“We all experience surprise flashbacks, brought on by the power of smell. An unexpected aroma can transport us back in time with amazing effect. The bog, or the scent of coconut oil on the beach, for example. More than any other tricks of our imagination, such as a voice, picture, place or story, our sense of smell seems to be the greatest emotional link with past experiences. Take the sweet smell of freshly mown grass: all some of us need to do, in order to be drinking bottled tea in the middle of a hay-field, is to close our eyes. When my children brought home white chalk from school, they also brought my first teacher, Mrs McCormack, into our kitchen. A whiff of Johnston Baby Powder, reminds me of my own children as babies… Smell is the only one of our senses which is wired directly to the brain and odours are very powerful stimuli. As soon as an aroma hits your nasal membranes, it immediately impacts on your brain. A smell – call it a scent or aroma, has the greatest ability to recall emotional memory. The power of smelling is probably the most underrated of all our senses. Even what we taste has more to do with smell. We talk about our taste-buds and palate, but in actual fact, 75% of what we perceive as taste, comes from our sense of smell. Have you noticed that when you have a cold, your food doesn’t taste as good? This has nothing to do with taste, but the fact that the function of smell is impaired. Smell arouses our appetite, elicits deep seated memories, kindles sexual desires, and warns us of danger – such as the smell of something burning, as well as constantly sending bits and pieces of useful information to the brain. Of course our sense of smell has to deal with offensive or repugnant smells as well. We shan’t dwell on these too long, but sewage, vomit, rotten fish or eggs spring to mind in passing. Any of you who may have upset a skunk (no, the other one, Alannah!) will go to great length to avoid one in future.There is some evidence that pleasant odours, such as vanilla or lavender, will reduce stress in the workplace, and even lead to increased productivity. The study of the effects of odours on behaviour is called, aromachology. This science is relatively new, but the healing powers of aromatherapy date back thousands of years to the ancient Egyptians. The term “aromatherapy”, was coined in the 1920’s, by a French chemist called Rene Maurice Gattefosse, to describe the practice of using essential oils, taken from plants, flowers, roots, seeds etc., and used in healing. Gattefosse conducted experiments with wounded soldiers during WW1 and deduced that the aromas benefited the soldiers by imparting a psychological and physical feeling of well being.”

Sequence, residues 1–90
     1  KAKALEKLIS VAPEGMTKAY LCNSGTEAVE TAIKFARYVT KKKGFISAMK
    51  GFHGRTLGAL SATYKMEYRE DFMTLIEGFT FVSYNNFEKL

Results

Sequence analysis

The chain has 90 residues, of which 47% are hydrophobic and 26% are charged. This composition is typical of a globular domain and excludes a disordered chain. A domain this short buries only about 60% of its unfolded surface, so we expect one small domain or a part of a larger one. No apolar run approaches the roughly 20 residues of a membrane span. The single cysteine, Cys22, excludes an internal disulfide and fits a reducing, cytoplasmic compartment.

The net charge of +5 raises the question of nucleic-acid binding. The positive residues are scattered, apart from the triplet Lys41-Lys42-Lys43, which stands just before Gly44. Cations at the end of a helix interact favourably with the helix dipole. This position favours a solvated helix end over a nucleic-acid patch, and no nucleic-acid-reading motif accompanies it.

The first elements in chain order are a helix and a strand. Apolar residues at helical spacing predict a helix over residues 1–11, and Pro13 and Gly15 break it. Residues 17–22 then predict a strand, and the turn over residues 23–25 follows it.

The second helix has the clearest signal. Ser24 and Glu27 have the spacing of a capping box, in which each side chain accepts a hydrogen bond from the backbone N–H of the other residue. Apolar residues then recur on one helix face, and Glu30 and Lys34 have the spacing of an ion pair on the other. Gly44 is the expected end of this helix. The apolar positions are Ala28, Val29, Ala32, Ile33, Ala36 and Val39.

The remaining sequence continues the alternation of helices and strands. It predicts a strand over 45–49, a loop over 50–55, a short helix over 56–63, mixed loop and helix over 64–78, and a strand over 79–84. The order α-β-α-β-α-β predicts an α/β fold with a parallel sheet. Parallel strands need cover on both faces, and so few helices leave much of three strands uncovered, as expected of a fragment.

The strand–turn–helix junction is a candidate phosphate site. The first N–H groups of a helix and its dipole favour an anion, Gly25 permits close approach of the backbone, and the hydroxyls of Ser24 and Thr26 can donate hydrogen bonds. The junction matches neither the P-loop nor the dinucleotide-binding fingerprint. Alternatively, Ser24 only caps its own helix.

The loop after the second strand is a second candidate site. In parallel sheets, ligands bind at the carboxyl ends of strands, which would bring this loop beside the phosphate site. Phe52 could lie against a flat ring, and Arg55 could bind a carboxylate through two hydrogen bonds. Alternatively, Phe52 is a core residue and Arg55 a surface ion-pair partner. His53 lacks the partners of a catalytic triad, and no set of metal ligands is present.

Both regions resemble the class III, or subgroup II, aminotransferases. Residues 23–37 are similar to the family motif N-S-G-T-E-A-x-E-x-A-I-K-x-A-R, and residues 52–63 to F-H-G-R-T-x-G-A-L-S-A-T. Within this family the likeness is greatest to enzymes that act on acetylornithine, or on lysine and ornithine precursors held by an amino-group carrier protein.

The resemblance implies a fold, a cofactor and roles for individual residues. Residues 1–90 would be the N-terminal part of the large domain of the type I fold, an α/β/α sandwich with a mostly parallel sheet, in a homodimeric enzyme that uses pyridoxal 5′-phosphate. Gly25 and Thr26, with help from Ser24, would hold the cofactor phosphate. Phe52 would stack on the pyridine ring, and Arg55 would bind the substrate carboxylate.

“We’re talking about the harmonious mixing and matching of potentially hundreds of individual aroma chemicals,” Papas said. “Composers have their musical notes, and we actually use what are called ‘fragrance notes’ that unfold over time to the nose like stanzas of a symphony to the ear.”

 

“Pa­pas said that few peo­ple are aware of the all-pervasive na­ture of smells. Scents are a part of hu­man ex­pe­ri­ence from the time peo­ple awake in the morn­ing to the time they fall asleep at night. Child­hood mem­o­ries stay with peo­ple through­out life. And smells can have a pow­er­ful in­flu­ence on hu­man emo­tions.

“Fra­grances can make peo­ple feel good,” said Pa­pas, who is vi­ce president-executive per­fum­er at Gi­vau­dan Fra­grances Cor­pora­t­ion, in East Hano­ver, N.J. He spe­cial­izes in de­vel­op­ing fra­grances for eve­ry­day prod­ucts, in­clud­ing laun­dry prod­ucts, scented oils and can­dles, room sprays, and house­hold clean­ers. 

“Fra­grances are part of what has been called ‘nasal nos­tal­gia’, bring­ing back long-forgotten mem­o­ries of pleas­ant ex­pe­ri­ences for peo­ple to en­joy once again,” he added. “We strive to con­nect with an emo­tion that makes the con­sum­er feel good and could be per­haps a lit­tle nos­tal­gic.”

Pa­pas cites as in­spira­t­ion the computer-animated film Ra­ta­touille, which is about a rat, Remy, who dreams of be­com­ing a gour­met chef. In one scene, Remy im­presses a prom­i­nent food crit­ic with a del­i­cate, but plain, meal that evokes fond mem­o­ries of his child­hood.

“It was a very sim­ple meal, but it dealt with emo­tion,” Pa­pas said. “It’s the same with fra­grance. A suc­cess­ful fra­grance, much like a fa­vor­ite mov­ie, food, or song, must cre­ate such a strong con­nection with the con­sum­er. It is im­por­tant for fra­grance de­sign­ers to try to trans­port cus­tomers to an­oth­er, per­haps bet­ter, place or time.” “

Read Full Post »